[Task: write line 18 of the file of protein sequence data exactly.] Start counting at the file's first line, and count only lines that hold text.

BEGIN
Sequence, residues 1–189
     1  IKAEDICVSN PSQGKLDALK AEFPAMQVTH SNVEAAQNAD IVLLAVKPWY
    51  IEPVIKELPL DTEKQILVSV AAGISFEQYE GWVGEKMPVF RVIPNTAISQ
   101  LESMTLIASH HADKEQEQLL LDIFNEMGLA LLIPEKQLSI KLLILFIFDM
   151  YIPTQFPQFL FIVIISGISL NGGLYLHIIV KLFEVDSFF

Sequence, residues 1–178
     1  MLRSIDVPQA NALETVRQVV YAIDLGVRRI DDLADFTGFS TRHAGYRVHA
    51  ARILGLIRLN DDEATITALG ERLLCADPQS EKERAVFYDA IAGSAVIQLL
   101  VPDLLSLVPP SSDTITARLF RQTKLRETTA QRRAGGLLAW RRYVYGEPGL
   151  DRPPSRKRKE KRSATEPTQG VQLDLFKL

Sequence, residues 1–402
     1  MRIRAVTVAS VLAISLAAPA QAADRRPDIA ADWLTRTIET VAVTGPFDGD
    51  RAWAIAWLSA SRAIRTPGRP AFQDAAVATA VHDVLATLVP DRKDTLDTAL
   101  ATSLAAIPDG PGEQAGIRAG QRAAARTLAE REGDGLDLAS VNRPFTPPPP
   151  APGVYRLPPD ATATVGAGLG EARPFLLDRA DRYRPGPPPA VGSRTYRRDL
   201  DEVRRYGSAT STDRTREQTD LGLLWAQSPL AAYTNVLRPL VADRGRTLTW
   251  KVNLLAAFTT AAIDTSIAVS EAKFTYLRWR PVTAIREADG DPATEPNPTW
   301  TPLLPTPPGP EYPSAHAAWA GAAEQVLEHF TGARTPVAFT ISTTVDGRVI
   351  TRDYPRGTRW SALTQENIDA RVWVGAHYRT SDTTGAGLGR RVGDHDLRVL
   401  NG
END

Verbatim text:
   301  TPLLPTPPGP EYPSAHAAWA GAAEQVLEHF TGARTPVAFT ISTTVDGRVI